From “The Flying Nun” to the “Sister Act” franchise, women of faith portrayed on screen has provided comedic gold for decades.
Over 35 years ago, Dan Goggin crafted a greeting card collection featuring a nun with quippy sayings. When the collection’s popularity grew, he became inspired to develop a cabaret show that eventually evolved into an all-out musical called “Nunsense.”
The popular musical opened at Longmont Theatre Company last week and will run through March 27, with shows occurring at 7:30 p.m. on Friday and Saturday and at 2 p.m. on Sunday.
“The show has been a huge hit,” said director Pat Payne, who has directed the production many times prior — including recently at Candlelight Dinner Playhouse in Johnstown, where he is production manager. “(It) has spawned at least eight sequels and is beloved by audiences all over the world. It has played on six continents and in dozens of languages. I think the reason is — at its heart it is not only funny, but also just a fun, enjoyable time at the theater.”
The comedy could certainly be labeled as dark, as it centers around five of the 19 surviving Little Sisters of Hoboken. The other 52 residents of the covenant perished after the cook, Sister Julia, Child of God, accidentally poisoned them with a tainted batch of Vichyssoise — a thick French soup commonly made of boiled and puréed leeks, onions, potatoes, cream and chicken stock.
Luckily, certain sisters missed the deadly meal because they were out playing bingo.
“I play Sister Mary Amnesia — the sweet, innocent nun who lost her memory,” said Jessi Green, whose character was forever altered after a crucifix fell on her head. “She’s an eternal optimist, so when I play her, I get to look at the world through her child-like eyes.”
The corpses of the nuns who perished are temporarily stored in the freezer. Desperately needing funds to bury their sisters, the habit-wearing crew decides to throw a benefit variety show to cover the cost.
Outlandish dance routines, jubilant songs and audience quizzes are just a few of the ways the holy ladies entertain.
“The thing that makes the show so funny is that these nuns — who are supposed to be the pinnacle of pure and good — are really just as flawed as anyone else,” Green said. “The variety show is each of their chances to shine, and they can’t help but revel in that spotlight a little more than their vocation normally allows. But they’re real. That’s what makes you love them.”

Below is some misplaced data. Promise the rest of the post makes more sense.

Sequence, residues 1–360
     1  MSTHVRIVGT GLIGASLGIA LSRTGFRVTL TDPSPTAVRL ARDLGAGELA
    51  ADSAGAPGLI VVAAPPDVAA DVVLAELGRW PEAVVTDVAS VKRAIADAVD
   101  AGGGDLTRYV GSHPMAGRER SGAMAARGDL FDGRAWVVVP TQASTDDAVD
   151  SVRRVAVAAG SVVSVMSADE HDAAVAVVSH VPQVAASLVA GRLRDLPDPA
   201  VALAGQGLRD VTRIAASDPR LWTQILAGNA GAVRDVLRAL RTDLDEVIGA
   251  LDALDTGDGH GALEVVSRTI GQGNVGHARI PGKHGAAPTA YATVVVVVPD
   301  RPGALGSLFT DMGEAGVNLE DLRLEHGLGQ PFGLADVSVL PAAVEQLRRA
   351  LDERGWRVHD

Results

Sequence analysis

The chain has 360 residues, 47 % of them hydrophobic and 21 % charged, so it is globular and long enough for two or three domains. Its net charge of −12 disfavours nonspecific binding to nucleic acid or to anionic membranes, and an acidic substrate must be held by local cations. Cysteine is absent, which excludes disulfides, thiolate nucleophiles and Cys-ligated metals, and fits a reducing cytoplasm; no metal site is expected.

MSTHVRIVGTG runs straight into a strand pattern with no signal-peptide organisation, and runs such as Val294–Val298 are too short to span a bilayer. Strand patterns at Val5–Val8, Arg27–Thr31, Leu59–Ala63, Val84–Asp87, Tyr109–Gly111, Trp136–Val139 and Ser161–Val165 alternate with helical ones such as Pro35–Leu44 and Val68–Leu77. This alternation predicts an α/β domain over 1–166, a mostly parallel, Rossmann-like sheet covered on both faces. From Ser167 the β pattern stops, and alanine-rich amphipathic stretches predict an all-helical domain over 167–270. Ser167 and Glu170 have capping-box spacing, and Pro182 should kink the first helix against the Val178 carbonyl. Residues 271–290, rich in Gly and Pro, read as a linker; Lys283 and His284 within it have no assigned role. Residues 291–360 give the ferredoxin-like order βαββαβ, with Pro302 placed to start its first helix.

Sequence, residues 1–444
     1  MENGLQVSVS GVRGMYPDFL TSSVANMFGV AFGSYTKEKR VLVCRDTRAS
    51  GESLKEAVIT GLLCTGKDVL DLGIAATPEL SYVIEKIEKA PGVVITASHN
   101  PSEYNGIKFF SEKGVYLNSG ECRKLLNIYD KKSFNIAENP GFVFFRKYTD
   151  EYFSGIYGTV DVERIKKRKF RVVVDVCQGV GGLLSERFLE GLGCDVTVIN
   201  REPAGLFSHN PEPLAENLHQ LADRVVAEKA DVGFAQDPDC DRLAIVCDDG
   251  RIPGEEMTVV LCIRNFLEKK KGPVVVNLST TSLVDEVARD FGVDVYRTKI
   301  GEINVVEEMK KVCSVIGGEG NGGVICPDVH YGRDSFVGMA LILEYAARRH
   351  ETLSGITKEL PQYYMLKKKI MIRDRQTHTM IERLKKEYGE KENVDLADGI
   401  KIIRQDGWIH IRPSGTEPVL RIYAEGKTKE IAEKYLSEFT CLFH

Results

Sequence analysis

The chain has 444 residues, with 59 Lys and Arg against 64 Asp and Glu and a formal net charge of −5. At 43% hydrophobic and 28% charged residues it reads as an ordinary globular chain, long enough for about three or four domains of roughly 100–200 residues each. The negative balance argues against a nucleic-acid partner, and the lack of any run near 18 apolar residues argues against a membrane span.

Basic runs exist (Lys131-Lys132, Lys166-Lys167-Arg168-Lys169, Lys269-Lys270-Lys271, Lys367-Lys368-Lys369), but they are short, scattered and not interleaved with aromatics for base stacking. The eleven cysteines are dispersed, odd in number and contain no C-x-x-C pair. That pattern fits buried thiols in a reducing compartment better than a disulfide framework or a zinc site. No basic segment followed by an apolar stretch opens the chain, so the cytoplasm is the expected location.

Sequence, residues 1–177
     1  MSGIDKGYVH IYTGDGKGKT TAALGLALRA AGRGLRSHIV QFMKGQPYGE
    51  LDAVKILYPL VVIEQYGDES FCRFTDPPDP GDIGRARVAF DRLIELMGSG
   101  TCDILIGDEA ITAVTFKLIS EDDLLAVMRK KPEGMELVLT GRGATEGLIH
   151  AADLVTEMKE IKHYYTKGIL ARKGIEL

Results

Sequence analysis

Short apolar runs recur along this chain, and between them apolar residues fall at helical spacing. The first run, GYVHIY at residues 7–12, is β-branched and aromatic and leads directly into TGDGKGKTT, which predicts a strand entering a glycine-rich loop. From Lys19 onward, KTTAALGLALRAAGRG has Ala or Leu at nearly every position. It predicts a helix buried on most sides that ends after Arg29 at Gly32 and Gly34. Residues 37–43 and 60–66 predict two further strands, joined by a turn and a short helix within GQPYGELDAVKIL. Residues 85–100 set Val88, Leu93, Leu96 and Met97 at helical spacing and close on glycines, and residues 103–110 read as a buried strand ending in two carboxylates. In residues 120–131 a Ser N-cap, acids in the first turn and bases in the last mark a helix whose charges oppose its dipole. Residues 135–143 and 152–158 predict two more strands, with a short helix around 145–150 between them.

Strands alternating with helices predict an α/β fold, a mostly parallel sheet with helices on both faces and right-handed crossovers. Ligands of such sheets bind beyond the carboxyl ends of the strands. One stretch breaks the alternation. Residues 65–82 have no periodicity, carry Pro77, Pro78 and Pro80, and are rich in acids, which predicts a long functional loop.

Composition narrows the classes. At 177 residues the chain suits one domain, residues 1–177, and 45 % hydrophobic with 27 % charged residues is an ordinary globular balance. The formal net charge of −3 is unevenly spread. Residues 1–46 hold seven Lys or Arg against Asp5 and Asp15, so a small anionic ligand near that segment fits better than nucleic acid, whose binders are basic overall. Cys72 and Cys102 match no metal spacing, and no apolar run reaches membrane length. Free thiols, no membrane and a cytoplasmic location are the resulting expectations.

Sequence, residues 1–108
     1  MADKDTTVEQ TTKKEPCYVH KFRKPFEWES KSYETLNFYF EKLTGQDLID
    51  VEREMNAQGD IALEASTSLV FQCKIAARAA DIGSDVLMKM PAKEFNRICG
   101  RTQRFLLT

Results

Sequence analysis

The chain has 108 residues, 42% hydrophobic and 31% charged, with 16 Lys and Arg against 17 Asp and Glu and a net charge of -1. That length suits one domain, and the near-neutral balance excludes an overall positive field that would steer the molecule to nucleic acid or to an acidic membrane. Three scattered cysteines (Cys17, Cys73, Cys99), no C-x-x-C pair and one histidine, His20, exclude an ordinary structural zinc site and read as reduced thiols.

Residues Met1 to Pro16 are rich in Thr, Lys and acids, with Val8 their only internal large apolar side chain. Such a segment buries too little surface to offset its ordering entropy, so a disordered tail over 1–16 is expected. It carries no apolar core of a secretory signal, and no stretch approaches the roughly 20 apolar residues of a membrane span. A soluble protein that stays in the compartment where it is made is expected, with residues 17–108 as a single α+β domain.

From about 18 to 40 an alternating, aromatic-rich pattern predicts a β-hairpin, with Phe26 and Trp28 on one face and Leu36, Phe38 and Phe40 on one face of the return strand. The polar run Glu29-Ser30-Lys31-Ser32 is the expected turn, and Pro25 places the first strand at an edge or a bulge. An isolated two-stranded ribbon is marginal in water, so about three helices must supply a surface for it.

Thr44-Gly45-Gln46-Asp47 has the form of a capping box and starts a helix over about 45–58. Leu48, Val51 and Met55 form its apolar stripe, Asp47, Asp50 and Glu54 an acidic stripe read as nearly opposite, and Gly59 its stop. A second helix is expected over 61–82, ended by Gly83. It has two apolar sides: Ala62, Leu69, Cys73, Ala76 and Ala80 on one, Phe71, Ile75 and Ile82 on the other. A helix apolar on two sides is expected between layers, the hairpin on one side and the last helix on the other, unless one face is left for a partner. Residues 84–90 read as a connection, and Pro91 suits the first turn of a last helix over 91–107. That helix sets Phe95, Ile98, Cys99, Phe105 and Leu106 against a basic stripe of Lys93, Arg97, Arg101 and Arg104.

The hilarious production features an unfiltered nun puppet, Sister Mary Annette — also brought to life by Green.
“Mary Annette was quite the costar,” Green said. “Once I got comfortable, she really took on a personality of her own. She’s crass where Amnesia is sweet, and she says everything Amnesia can’t. She gave me the opportunity to explore this other side of Amnesia’s inner monologue — as a dialogue — where she’s a little tired of being so nice all the time.”
Attendees will no doubt be impressed by the powerhouse vocals and comedic timing delivered by actors.
“I love that ‘Nunsense’ has an ensemble cast,” Green said. “Each of the nuns gets a chance to shine onstage. I’m a big believer that there are no small parts, and ensemble musicals really showcase that idea. I feel lucky to be on stage with such a talented group.”
Another funny element is that the nuns have to put on the variety show at a middle school whose stage is set up for a production of “Grease.”
“Of course, I hope audiences walk away laughing,” Green said. “Goggin’s script is a lot of fun. But one of the major themes of the show is the importance of the choices we make. Throughout the show, each of the nuns reflect on her decision to join the convent because that choice forever alters the course of her life. I think we can all relate to those big decisions and the transformation that can come with them.”
More than 10,000 productions of “Nunsense” have been staged around the world. Different casts have included industry heavy-hitters, like Phyllis Diller and Sally Struthers.
“Of course if you are of the faith, you will find some very funny moments, but if you are not, the premise is still very funny and the characters do not disappoint,” Payne said.
Tickets are $30, plus fees.
“I love working with the folks at LTC because everyone is having such a wonderful time and they are loving what they are doing,” Payne said. “Especially after nearly two years of our industry being hit so hard, it is nice to see theater coming back with a vengeance and with everything happening in our world right now, I am so excited to offer a way for folks to escape and simply laugh.”